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Where does anger come from? And how do we manage it?

Emotions, such as anger, appear early in life and it’s important that we learn how to regulate these emotions during childhood so that they don’t become maladaptive [1].

Anger can be the consequence of many internal and external factors, for example, psychological, biological and social. Internal factors can include a lack of problem-solving skills, tension and anxiety. External factors can come from the environment such as loud irritating noises and bad driving from others…I’m sure we are all too familiar with the term ‘road rage’.

Unpleasant situations, such as stress, discomfort or frustration evoke a negative effect. This negative affect is then associated with ‘fight or flight’ motivation [2].

An individual’s prior experiences form associations that then provide them with cues that relate to the present situation. If they have the desire to escape then the ‘flight system’ becomes activated, leading to mostly feelings of fear. If they have the desire to attack then the ‘fight system’ is activated, with the person experiencing mostly anger [3].

Do we need anger?

The short answer is yes, it is essential for our survival. It allows us to grow, adapt and change, when dealt with effectively [4].

Anger does not have to be a negative emotion and it’s perfectly natural to feel anger everyday. It’s when anger is ignored/supressed or expressed in an unhelpful way, it can become problematic.

The many different types of anger have been condensed into eight separate categories. Some of which include ‘Chronic anger’ – an ongoing resentment towards others and life in general, however on the more positive side lies ‘Constructive anger’ – using anger to make a positive difference, becoming involved in a movement for positive change [5].

In adults, hiding feelings of anger has been linked with elevated blood pressure [6], whereas constructive use of anger has been associated with lower blood pressure and better overall health [7].

It was also found during a study on marital conflict that 79% of wives experienced conflict and reported that the expression of anger was actually positive and helpful, in regard to their relationship [8].


How should we express our anger?

Well, first of all, here’s a list of what NOT to do:

  • Blame others
  • Get violent
  • Brood over the anger and negativity
  • Don’t try and solve the problem (if applicable), just sit there and get angry about the situation


Some things that may help us dealing with this emotion are:

  • Allow yourself to feel angry, don’t be ashamed of a perfectly natural emotion


  • Try to analyse the anger and the root cause, this may be achieved by attempting to see things from someone else’s perspective. It could be that the issue is minor and is being conflated with a general dislike towards someone involved


  • Utilise the anger you have into physical activity. It’s been demonstrated that when channelling anger and frustration into exercise leads to a boost in physical performance [9]


  • Take time to cool down, walk away from the situation and take a breather, especially if you think you’ll do something you might regret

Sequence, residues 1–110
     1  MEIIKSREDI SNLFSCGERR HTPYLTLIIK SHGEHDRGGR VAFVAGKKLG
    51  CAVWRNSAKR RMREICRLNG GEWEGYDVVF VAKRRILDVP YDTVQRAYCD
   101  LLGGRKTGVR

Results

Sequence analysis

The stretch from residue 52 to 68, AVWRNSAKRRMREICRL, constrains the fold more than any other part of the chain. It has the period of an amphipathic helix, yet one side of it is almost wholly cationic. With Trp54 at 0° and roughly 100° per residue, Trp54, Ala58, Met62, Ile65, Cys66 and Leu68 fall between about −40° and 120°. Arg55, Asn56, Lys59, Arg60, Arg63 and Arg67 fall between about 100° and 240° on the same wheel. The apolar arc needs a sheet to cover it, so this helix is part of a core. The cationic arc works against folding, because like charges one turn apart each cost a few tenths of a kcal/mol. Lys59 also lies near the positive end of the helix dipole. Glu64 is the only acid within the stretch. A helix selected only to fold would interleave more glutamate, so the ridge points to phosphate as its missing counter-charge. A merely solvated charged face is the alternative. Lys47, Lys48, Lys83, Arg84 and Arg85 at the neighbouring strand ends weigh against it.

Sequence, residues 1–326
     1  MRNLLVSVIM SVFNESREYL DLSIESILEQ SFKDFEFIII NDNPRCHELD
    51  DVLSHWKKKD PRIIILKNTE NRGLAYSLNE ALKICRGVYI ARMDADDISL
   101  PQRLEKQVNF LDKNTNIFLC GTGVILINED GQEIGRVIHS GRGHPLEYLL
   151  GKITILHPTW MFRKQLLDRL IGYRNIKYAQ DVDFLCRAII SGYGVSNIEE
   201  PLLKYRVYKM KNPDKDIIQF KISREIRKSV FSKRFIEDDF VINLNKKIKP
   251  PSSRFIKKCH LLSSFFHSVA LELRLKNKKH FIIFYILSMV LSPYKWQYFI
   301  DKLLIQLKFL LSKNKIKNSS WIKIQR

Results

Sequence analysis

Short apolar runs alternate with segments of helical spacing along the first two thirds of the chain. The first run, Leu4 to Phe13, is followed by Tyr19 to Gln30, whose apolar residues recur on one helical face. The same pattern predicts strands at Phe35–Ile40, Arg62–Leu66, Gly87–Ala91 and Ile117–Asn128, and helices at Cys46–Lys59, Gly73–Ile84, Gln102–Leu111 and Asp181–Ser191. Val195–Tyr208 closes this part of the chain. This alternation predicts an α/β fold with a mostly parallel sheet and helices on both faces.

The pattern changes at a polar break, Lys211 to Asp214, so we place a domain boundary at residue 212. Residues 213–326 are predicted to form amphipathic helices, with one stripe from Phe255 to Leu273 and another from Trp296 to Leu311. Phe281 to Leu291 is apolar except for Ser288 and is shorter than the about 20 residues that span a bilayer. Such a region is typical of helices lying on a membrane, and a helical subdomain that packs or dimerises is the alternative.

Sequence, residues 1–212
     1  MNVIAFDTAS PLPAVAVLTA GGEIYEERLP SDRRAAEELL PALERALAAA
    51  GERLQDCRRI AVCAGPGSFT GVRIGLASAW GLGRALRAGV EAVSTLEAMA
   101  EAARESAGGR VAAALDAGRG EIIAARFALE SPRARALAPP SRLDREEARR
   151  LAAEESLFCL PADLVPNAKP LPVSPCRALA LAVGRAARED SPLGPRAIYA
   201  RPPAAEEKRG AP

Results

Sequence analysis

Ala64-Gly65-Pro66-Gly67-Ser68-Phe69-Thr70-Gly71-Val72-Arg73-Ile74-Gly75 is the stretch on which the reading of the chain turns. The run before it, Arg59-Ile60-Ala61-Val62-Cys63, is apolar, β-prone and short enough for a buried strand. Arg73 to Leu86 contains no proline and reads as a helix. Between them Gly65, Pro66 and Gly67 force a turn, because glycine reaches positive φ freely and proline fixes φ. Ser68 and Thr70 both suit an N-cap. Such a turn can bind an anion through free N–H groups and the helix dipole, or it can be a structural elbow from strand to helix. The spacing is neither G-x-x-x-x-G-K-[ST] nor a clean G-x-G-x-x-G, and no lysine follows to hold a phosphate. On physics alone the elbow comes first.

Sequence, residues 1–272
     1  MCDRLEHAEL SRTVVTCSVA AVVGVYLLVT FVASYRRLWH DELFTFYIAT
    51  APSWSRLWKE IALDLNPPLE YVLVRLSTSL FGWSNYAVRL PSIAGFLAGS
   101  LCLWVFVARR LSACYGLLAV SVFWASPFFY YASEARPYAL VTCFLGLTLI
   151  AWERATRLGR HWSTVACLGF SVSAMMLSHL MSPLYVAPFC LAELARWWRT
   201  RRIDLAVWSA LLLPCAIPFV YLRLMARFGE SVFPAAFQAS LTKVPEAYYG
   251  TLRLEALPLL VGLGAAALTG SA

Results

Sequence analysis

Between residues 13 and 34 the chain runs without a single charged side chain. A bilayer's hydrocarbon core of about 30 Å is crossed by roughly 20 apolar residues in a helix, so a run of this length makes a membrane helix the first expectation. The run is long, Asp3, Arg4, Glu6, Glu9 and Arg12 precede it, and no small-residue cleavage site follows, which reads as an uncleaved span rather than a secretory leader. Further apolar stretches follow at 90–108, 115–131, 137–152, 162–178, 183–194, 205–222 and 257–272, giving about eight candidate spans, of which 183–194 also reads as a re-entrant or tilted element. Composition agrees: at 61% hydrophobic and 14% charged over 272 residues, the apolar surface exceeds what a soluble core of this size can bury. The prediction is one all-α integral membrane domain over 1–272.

Dark Coffee’s Key Tip:

Read up on anger! We strongly recommend Anger Management by Swati Y. Bhave and Sunil Saini. They explain origins of anger in much more detail and explain there is no shame in seeking professional help for anger management.

The book can be found online, completely free as a PDF download.


This article was researched and written by the talented Dark Coffee Content Producer & Researcher, Lucy Williams!

(Including the impressive reference list, of course!)




[1] Izard, C. E. (1977). Human Emotions. New York: Plenum.


[2] Berkowitz, L. (1983). ‘The Experience of Anger as a Parallel Process in the Display of Impulsive, “Angry” Aggression’, in R. G. Geen and E. I. Donnerstein (eds). Aggression: Theoretical and Empirical Reviews, (Vol. 1). New York: Academic Press.


[3] Dollard, J., Doob, L., Miller, N., Mowrer, O. H., and Sears, R. R. (1939). Frustration and Aggression. New Haven, Conn: Yale University Press.


[4] Eastman, M., and Rozen, S. C. (1994). Taming the Dragon in Your Child. New York, NY: John Wiley and Sons, Inc.


[5] Obstaz, M. (2008). ‘Eight Types of Anger’, Available online at


[6] Helmers, K. F., Baker, B., O’Kelly, B., and Tobe, S. (2000). ‘Anger Expression, Gender, and Ambulatory Blood Pressure in Mild, Unmedicated Adults with Hypertension’, Annals of Behavioural Medicine, 22: 60–64.


[7] Davidson, K., MacGregor, M. W., Stuhr, J., Dixon, K., and MacLean, D. (2000). ‘Constructive Anger: Verbal Behavior Predicts Blood Pressure in a Population Sample’, Health Psychology,19: 55–64.


[8] Jenkins, J. M., Smith, M. A., and Graham, P. (1989). ‘Coping with Parental Quarrels’, Journal of the American Academy of Child and Adolescent Psychiatry, 28: 182–89.


[9] Rathschlag, M., & Memmert, D. (2013). The Influence of Self-Generated Emotions on Physical Performance: An Investigation of Happiness, Anger, Anxiety, and Sadness.  Journal of Sport and Exercise Psychology, 35(2), 197-210. doi: